Perspective: Morning Commentary for March 27

Perspective: Morning Commentary
Arlan Suderman
Chief Commodities Economist


March 27 – Stock futures quietly firmed overnight, reflecting a hint of cautious optimism ahead of Friday’s PCE inflation data, which is scheduled for release when the markets are closed. The markets will be closed for the Good Friday Easter holiday on Friday, meaning that they’ll need to wait until Monday’s session to factor in any surprises in the data. The VIX is trading near 13 again this morning, while the dollar index firmed to trade near 104.4. Yields on 10-year Treasuries are trading near 4.22%, while yields on 2-year Treasuries are trading near 4.59%. The commodity sector came under modest pressure overnight, although crude oil prices are near session highs at this hour. Grain and oilseed prices are taking a bigger hit ahead of tomorrow’s USDA reports, with managed money defending its big short positions in overnight trade amid weaker chart signals. There’s also an under current of thinking in the market that the closure of the Port of Baltimore is negative for the commodity sector. The closure is a big deal, and its impact on some commodities is notable, such as fertilizer, coffee and sugar, but its impact on the sector as a whole is minimal. Supplies will find alternate routes, albeit at a higher cost for impacted commodities.


The U.S. debt clock currently sits at $34.6 trillion. That wasn’t a big deal when interest rates were near zero. That’s not the case anymore. As a result, we’ve seen the annual interest costs on that debt rise from $350 billion earlier last year to closer to $792 billion today. To put that into perspective, the current annual interest costs for our national debt our approaching what we spend on defense and war each year, and it’s more than half of what we pay out in Social Security benefits each year, which now sits at $1.42 trillion. And that number continues to climb as debt certificates mature and are rolled at today’s higher interest rates, which is the case for more than $8 trillion of our debt this year. No wonder politicians pressed Federal Reserve Chair Jerome Powell to lower interest rates when he testified before two Congressional committees earlier this month. The annual interest obligation will be $2.7 trillion four years from today if we continue on the path that we are currently on, according to I don’t know if we’ll stay on the same path that we’re on, but I don’t see much momentum on Washington to change the course.


So, what does this have to do with the commodity markets? Plenty. First, the interest obligation will increasingly be squeezing the U.S. fiscal budget. I expect that to become a bigger issue after the elections, when a lame-duck Congress, and possibly a lame-duck president, must find a solution to the debt ceiling problem before January 1 when the current suspension of the agreement expires. Perhaps the biggest risk from that showdown will be the possibility of a credit downgrade for U.S. debt – something the credit rating agencies have previously warned us could also result in a credit downgrade. Other options include massive tax hikes, drastic spending cuts, or monetizing the debt by restarting quantitative easing (printing money to buy our debt certificates) to contain the upward movement of interest rates needed to create demand for the increased supply of certificates. We’re likely looking at some combination. The composition of that combination could either send us into a recession, or it could fuel another significant inflationary cycle in a juiced economy. The former would be expected to be bearish the commodities, while history tells us that the funds love to be long the commodities in times of the latter.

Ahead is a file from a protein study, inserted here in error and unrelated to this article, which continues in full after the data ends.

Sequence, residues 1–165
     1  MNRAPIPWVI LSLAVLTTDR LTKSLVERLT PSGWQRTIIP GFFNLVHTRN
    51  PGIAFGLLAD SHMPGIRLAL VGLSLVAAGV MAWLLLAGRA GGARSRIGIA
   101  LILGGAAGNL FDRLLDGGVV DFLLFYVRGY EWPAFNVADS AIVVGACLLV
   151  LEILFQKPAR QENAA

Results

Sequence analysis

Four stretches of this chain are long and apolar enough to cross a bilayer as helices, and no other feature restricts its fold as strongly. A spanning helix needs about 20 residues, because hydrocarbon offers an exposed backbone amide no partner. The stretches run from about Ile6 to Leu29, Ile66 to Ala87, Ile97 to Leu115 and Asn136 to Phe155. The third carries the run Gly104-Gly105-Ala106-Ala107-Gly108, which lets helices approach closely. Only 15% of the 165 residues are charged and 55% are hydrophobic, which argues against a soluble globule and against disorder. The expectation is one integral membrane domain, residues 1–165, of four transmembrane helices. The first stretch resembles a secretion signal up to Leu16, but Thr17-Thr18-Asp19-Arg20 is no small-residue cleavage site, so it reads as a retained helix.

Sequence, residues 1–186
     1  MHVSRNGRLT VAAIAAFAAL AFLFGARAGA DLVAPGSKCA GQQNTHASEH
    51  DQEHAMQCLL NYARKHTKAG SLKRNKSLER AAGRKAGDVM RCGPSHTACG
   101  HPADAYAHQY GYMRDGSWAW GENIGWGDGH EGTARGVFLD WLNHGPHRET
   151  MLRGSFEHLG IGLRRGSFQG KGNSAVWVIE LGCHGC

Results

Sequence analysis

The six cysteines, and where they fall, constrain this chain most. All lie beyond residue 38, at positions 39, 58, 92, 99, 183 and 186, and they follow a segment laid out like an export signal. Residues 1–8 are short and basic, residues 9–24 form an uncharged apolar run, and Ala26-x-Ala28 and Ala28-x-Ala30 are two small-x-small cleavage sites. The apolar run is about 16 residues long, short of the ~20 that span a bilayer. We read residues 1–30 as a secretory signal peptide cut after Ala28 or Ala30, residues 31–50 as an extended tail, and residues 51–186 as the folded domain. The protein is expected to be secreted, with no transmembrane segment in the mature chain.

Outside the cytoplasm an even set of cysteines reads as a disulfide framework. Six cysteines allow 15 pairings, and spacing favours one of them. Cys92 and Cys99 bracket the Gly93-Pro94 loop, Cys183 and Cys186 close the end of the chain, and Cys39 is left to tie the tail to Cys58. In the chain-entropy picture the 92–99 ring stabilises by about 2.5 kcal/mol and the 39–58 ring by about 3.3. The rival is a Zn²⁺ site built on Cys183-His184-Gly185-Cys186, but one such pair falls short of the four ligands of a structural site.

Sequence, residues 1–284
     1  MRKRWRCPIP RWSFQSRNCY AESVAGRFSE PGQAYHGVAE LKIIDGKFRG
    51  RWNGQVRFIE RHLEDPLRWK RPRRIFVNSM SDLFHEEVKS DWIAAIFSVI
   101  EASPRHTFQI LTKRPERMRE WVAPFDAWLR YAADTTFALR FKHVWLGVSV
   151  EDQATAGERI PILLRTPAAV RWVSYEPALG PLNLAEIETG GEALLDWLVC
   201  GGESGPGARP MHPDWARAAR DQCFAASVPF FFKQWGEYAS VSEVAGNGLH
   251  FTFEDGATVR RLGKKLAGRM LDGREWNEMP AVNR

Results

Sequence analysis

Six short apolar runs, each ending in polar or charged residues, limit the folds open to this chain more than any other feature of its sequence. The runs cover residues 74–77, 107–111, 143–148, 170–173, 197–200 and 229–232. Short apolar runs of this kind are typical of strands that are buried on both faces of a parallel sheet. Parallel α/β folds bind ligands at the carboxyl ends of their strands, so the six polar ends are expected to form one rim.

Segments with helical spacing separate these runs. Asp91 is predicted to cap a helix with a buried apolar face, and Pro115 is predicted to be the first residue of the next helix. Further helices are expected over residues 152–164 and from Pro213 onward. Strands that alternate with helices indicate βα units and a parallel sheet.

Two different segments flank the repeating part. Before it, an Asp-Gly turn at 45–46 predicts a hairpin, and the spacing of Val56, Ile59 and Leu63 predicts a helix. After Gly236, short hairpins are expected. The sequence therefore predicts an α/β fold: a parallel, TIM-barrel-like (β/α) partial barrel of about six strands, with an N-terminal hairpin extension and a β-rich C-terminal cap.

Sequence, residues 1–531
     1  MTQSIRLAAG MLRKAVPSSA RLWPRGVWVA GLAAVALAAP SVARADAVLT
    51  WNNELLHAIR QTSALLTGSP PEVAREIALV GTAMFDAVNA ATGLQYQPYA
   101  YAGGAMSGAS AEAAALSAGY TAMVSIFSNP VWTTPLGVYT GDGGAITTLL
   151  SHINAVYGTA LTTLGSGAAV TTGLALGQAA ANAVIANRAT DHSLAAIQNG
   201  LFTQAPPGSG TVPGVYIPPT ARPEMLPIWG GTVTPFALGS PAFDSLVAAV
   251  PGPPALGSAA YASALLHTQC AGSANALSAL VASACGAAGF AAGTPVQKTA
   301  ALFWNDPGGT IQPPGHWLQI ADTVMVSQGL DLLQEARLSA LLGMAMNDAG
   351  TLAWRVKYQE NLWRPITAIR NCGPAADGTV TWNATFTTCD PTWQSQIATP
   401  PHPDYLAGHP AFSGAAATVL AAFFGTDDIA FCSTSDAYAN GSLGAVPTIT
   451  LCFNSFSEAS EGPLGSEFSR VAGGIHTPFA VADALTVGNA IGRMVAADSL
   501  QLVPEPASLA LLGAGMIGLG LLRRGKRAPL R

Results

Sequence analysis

But Wall Street isn’t talking about the above approaching risks today. It’s focused on expectations that the Fed will soon be cutting its benchmark short-term rate – the only one it controls – at the June meeting, with three cuts this year and three or four more next year. That’s because it’s finally on the same page as the Federal Reserve. But is that reality? The Fed listed all the reasons that the economy is solid in its remarks earlier this month, giving that as reason to justify rate cuts. It was the same list of factors it mentioned in December as to why it could not yet cut rates. That December meeting was seen as the Fed’s pivot. It didn’t cut rates or alter its plan for reducing the balance sheet at that meeting, but it said that it was ready to start talking about it, which was seen as quantitative easing – just talking about it. It may take 12 to 18 months for rate hikes to have their effect on the economy, but it only takes talking about rate cuts to have the opposite effect. It brought inflation down to roughly 3%, parallel to a decline in commodity prices, but inflation is stuck near that 3% level; still above the 2% mandate. The past three months saw hotter-than-expected inflation, and now energy prices are trending higher, along with home prices. Surplus cash in the system in a couple of months from drying up at best, and the supply of debt certificates is rising by an estimated 23% across the yield curve at a time when demand for them is down. Ironically, yesterday’s consumer confidence report indicated that more than half of the consumers surveyed expect interest rates to rise in the coming year. The disconnect between the consumer and Wall Street is most interesting.

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